The fight to defeat Montana’s anti-trans ballot measure is on.
Advocates announced the Free & Fair Coalition to battle back the county’s first statewide bathroom ballot measure Tuesday. It’s a given, say sources, that anti-trans activist will meet the required threshold to put the measure on the ballot this summer.
Under I-183, all bathrooms in the Treasure State would be segregated according to the sex an individual was assigned at birth, even if transgender people have updated their legal documents. It also allows people who encounter someone of the “opposite sex” the right to sue the government.
If that has a familiar ring, it’s because other states have attempted to pass laws that allowed students to sue if they encountered trans people in the “wrong” restroom. Kentucky made an attempt at such a rule in 2015 and Kansas introduced a bill in 2016.
“Like other laws and ballot measures that have been proposed in various states and
localities, I-183 is meant to capitalize on the fears and uncertainties of voters and
punish Montana’s transgender and non-binary community,” said S.K. Rossi, Free &
Fair Coalition spokesperson, in a statement. “Montanans understand I-183 is not consistent with our shared values.”
Montana would be the first-ever state to vote on a statewide bathroom ballot measure. It would also be the second state in the nation to face a statewide anti-trans referendum after Massachusetts votes on whether or not to roll back its transgender anti-discrimination protections in November.
The signature gathering comes after anti-trans activists failed to get the measure on the ballot through the state legislature last spring. In that instance, the Montana Locker Room and Privacy Act didn’t even make it out of committee.
It could fare much better at the ballot box in a state Donald Trump won by 20 points in the 2016 presidential election. Still, the state elected Democratic Governor Steve Bullock by just over three points that same cycle.
Montana’s bathroom measure has echoes of another bathroom measure that failed to pass in Anchorage earlier this month. But the Montana measure goes a step further by allowing people to sue the government and banning multiple stall gender neutral bathrooms.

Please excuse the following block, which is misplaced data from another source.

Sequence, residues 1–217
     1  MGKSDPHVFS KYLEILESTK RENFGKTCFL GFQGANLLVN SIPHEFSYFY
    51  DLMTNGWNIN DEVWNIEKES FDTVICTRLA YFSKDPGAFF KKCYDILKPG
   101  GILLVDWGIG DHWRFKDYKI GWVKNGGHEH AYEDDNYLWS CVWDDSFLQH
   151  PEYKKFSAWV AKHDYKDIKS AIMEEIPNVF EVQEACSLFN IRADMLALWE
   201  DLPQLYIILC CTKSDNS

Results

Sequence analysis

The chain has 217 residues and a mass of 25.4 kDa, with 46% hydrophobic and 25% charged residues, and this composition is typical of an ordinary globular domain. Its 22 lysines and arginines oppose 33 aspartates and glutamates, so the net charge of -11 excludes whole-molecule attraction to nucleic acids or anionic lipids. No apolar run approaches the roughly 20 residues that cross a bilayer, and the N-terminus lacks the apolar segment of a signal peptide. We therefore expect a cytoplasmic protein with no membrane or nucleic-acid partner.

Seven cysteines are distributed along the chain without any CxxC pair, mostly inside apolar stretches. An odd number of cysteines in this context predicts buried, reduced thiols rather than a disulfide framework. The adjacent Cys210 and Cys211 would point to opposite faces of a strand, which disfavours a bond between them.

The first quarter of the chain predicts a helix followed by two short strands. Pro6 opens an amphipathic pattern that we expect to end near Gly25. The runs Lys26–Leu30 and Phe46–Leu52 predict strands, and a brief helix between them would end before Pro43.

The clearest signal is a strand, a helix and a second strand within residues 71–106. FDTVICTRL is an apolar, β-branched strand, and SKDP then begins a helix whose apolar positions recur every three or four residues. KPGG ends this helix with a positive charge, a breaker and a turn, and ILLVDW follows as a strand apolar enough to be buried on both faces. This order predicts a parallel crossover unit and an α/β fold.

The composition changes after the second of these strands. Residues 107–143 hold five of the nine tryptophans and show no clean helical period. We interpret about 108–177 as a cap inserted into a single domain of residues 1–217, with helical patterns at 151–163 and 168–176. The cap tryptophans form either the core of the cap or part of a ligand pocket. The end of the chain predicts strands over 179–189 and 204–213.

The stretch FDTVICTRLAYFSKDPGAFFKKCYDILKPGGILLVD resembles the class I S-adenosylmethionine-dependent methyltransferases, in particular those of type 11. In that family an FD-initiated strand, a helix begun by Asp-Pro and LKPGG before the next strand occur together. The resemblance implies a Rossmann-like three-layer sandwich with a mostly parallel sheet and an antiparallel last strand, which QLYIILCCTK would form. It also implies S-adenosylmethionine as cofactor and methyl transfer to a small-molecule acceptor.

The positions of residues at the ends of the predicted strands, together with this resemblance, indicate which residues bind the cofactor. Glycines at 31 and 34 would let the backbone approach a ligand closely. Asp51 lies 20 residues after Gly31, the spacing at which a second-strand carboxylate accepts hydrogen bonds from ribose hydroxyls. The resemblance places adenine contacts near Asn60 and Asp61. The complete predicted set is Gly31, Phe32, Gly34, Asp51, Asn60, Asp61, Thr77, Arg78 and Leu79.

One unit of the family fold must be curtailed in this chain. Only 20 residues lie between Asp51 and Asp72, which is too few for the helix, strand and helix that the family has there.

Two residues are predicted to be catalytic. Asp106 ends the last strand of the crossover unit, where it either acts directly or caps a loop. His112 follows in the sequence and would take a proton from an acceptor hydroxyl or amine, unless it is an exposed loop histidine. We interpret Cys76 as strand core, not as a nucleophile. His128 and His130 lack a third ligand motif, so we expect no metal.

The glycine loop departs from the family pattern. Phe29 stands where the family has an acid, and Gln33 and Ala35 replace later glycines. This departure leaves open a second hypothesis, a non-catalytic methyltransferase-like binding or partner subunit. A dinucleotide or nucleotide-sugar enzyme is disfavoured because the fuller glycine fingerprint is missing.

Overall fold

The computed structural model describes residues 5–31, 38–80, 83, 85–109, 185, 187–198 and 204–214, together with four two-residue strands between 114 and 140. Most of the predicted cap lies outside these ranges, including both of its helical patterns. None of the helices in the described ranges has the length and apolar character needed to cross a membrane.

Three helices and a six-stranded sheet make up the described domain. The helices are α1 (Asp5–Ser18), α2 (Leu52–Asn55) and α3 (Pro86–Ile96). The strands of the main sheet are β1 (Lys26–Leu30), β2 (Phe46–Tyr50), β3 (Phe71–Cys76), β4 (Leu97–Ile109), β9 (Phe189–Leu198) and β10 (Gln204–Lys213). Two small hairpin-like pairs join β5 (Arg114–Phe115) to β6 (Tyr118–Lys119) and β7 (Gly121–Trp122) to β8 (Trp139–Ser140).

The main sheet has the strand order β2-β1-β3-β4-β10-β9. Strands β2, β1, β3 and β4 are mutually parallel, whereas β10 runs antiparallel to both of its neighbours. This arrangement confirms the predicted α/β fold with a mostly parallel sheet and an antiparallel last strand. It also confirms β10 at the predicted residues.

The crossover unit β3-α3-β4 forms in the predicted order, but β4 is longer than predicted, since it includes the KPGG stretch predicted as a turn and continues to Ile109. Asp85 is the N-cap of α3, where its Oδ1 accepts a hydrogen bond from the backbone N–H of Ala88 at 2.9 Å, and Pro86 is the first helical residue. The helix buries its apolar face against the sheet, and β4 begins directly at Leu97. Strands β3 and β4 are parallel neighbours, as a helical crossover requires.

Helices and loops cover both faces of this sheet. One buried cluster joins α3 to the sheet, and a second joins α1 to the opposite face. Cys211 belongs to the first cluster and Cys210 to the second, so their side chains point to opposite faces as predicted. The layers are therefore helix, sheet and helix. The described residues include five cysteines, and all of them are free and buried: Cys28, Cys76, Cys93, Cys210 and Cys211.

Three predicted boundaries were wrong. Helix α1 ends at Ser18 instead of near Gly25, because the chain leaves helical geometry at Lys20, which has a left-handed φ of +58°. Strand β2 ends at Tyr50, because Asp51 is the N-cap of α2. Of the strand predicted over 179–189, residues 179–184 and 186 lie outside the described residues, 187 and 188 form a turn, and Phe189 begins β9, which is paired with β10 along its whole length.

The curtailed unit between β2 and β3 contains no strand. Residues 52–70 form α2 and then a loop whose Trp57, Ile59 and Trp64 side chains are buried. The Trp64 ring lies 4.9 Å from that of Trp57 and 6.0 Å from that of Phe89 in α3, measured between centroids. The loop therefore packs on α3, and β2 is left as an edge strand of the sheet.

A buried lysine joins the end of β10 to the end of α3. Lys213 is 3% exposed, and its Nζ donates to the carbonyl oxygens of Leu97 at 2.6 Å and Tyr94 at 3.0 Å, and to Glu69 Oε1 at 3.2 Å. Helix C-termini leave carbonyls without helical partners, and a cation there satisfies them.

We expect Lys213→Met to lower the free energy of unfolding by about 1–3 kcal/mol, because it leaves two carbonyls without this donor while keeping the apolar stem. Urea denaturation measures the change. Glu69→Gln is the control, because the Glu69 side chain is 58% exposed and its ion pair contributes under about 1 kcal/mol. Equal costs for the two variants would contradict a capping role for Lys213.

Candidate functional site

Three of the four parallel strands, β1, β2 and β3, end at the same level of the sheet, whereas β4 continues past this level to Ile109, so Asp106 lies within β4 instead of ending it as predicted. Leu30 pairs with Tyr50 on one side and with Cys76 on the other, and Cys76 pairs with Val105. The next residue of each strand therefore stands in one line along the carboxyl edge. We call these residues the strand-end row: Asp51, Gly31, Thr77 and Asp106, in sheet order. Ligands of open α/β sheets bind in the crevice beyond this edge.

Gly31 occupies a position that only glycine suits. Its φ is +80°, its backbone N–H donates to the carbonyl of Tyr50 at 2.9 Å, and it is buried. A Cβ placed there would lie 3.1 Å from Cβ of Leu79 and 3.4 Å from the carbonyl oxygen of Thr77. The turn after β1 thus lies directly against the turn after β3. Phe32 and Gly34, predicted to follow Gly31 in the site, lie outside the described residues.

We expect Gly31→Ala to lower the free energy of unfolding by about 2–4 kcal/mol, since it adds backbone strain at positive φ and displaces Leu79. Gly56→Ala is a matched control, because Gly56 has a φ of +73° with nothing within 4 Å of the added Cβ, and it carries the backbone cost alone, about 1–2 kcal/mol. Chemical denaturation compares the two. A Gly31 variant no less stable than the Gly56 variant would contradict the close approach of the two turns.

Experts credited the Anchorage campaign’s success in part to its insistence on putting transgender voices at the front of its messaging, running an ad featuring transgender high school student Col Lockard and putting forth spoken word artist MoHagani Magnetek.
The Free & Fair Coalition appears to be taking a similar strategy.
Half of its executive committee is made of up transgender Montanans. The coalition reports that it has already provided “allyship” training to more than 400 state residents.
I-183 could have substantial drawbacks if Montana voters approve the law. Its implementation would drain the state of an estimated half million dollars to update bathroom signage and “long-term costs and legal fees for state and local governments, K-12 schools, and universities could be substantial but are uncertain,” the measure notes.
The measure makes note of those financial implications due to a lawsuit brought forth by the ACLU of Montana. In September, the Montana Supreme Court ruled that 1-183’s language failed to clearly lay out the impacts on Montana’s economy or transgender population. A revised measure that aims to outline both has since been released.
The Free & Fair Coalition is made in part by the ACLU of Montana, Montana Gender Alliance, Montana Human Rights Network, Montana Women Vote, Planned Parenthood Advocates of Montana and Forward Montana, according to a media release.
The anti-trans effort is being led by the Montana Family Foundation, an organization that has long battled abortion rights, same-sex marriage, and non-discrimination protections for LGBTQ people.